World Library  
Flag as Inappropriate
Email this Article

Dissociative drug

Article Id: WHEBN0023925435
Reproduction Date:

Title: Dissociative drug  
Author: World Heritage Encyclopedia
Language: English
Subject: Recreational use of dextromethorphan, Nitrous oxide, Psychedelic drug, Rolicyclidine, Eticyclidine, A Boy in a Tree
Collection:
Publisher: World Heritage Encyclopedia
Publication
Date:
 

Dissociative drug

This article is about the class of hallucinogen. For the psychological state, see Dissociation (psychology). For the Australian band, see The Dissociatives. For other uses, see Dissociation.

Dissociatives are a class of hallucinogen, which distort perceptions of sight and sound and produce feelings of detachment - dissociation - from the environment and self. This is done through reducing or blocking signals to the conscious mind from other parts of the brain.[1] Although many kinds of drugs are capable of such action, dissociatives are unique in that they do so in such a way that they produce hallucinogenic effects, which may include sensory deprivation, dissociation, hallucinations, and dream-like states or trances.[2] Some, which are nonselective in action and affect the dopamine [3] and/or opioid[4] systems, may be capable of inducing euphoria. Many dissociatives have general depressant effects and can produce sedation, respiratory depression, analgesia, anesthesia, and ataxia, as well as cognitive and memory impairment and amnesia.

Classes of dissociatives

NMDA receptor antagonists

κ-opioid receptor agonists

Main article: Opioid

Effects

The effects of dissociatives can include sensory dissociation, hallucinations, mania, catalepsy, analgesia and amnesia.[9][10][11] The characteristic features of dissociative anesthesia were described as catalepsy, amnesia and analgesia.[9] According to Pender (1972), "the state has been designated as dissociative anesthesia since the patient truly seems disassociated from his environment."[12] Bonta (2004) described dissociative anaesthesia as "... a peculiar anaesthetic state in which marked sensory loss and analgesia as well as amnesia is not accompanied by actual loss of consciousness."[13] Both Pender (1970) and Johnstone et al. (1959) reported that patients under anesthesia due to either ketamine or phencyclidine were prone to purposeless movements and had hallucinations (or "dreams"[14]) during and after anesthesia. Some patients found the hallucinations euphoric while others found them disturbing.

At sub-anesthetic doses, dissociatives alter many of the same cognitive and perceptual processes affected by other hallucinogenic drugs such as mescaline, LSD, and psilocybin; hence they are also considered hallucinogenic, and psychedelic.[15][16][17][18] Perhaps the most significant subjective differences between dissociatives and the classical hallucinogens (such as LSD and mescaline) are the dissociative effects, including: depersonalization, the feeling of being unreal, disconnected from one's self, or unable to control one's actions; and derealization, the feeling that the outside world is unreal or that one is dreaming.[19]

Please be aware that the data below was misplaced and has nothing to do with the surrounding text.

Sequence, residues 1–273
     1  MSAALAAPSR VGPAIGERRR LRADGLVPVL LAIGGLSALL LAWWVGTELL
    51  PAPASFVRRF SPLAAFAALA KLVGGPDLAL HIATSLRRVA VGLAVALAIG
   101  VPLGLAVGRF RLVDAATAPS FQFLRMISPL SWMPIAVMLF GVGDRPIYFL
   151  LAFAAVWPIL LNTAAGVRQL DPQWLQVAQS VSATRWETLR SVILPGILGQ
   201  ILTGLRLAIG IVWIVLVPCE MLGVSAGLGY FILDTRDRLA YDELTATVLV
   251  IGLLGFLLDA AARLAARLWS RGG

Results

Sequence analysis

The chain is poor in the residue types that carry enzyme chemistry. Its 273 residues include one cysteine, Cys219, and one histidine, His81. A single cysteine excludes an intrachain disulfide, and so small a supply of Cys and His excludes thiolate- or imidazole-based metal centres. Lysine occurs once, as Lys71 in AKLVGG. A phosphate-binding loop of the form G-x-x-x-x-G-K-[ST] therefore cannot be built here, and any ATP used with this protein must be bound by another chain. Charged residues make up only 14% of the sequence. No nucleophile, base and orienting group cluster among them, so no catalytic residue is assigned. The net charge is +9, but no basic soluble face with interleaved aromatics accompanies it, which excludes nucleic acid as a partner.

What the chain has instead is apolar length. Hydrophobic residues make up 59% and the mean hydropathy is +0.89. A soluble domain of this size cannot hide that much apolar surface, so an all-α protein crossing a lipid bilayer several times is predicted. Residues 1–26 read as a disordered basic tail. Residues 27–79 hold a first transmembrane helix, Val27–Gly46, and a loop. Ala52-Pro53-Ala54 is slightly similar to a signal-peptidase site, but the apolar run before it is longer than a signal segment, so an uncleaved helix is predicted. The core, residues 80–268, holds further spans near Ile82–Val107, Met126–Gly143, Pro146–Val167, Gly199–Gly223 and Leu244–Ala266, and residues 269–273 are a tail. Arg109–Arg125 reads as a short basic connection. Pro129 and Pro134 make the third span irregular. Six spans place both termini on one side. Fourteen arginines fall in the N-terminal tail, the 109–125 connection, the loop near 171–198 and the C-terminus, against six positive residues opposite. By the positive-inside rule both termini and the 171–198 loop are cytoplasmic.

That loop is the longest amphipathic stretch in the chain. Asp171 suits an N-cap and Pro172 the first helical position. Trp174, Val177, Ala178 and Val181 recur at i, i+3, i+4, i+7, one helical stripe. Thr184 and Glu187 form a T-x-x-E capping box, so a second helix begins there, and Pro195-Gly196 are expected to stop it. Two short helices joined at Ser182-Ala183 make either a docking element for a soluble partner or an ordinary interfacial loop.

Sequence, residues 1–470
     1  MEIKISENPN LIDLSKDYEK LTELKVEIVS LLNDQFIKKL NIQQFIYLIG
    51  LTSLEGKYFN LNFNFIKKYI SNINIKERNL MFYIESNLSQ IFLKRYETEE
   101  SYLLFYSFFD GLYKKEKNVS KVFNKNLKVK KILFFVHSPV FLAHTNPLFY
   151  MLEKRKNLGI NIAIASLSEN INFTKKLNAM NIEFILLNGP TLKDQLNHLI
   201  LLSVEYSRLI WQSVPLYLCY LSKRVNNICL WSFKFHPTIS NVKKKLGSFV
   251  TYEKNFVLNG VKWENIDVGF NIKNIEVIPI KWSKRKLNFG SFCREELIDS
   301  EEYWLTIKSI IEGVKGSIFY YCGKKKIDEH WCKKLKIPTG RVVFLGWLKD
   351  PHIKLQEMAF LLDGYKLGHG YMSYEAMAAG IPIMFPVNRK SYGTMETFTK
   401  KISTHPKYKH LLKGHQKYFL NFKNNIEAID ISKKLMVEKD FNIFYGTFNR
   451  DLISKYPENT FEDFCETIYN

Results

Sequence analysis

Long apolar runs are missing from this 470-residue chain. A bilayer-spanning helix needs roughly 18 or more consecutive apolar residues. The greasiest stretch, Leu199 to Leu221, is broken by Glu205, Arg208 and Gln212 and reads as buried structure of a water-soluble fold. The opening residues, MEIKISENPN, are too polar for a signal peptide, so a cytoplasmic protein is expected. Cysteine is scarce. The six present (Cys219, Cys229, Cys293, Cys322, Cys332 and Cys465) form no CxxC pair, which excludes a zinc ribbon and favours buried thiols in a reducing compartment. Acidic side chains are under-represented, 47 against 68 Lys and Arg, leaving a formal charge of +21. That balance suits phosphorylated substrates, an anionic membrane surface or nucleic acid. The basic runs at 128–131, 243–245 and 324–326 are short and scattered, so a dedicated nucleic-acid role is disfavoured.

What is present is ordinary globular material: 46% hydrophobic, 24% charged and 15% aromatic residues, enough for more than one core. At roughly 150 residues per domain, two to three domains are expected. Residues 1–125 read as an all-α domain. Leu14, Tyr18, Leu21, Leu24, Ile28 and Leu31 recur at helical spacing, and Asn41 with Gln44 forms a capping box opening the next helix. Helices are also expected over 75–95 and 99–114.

See also

References

fr:Hallucinogène#Les hallucinogènes dissociatifs
This article was sourced from Creative Commons Attribution-ShareAlike License; additional terms may apply. World Heritage Encyclopedia content is assembled from numerous content providers, Open Access Publishing, and in compliance with The Fair Access to Science and Technology Research Act (FASTR), Wikimedia Foundation, Inc., Public Library of Science, The Encyclopedia of Life, Open Book Publishers (OBP), PubMed, U.S. National Library of Medicine, National Center for Biotechnology Information, U.S. National Library of Medicine, National Institutes of Health (NIH), U.S. Department of Health & Human Services, and USA.gov, which sources content from all federal, state, local, tribal, and territorial government publication portals (.gov, .mil, .edu). Funding for USA.gov and content contributors is made possible from the U.S. Congress, E-Government Act of 2002.
 
Crowd sourced content that is contributed to World Heritage Encyclopedia is peer reviewed and edited by our editorial staff to ensure quality scholarly research articles.
 
By using this site, you agree to the Terms of Use and Privacy Policy. World Heritage Encyclopedia™ is a registered trademark of the World Public Library Association, a non-profit organization.
 


Copyright © World Library Foundation. All rights reserved. eBooks from Project Gutenberg are sponsored by the World Library Foundation,
a 501c(4) Member's Support Non-Profit Organization, and is NOT affiliated with any governmental agency or department.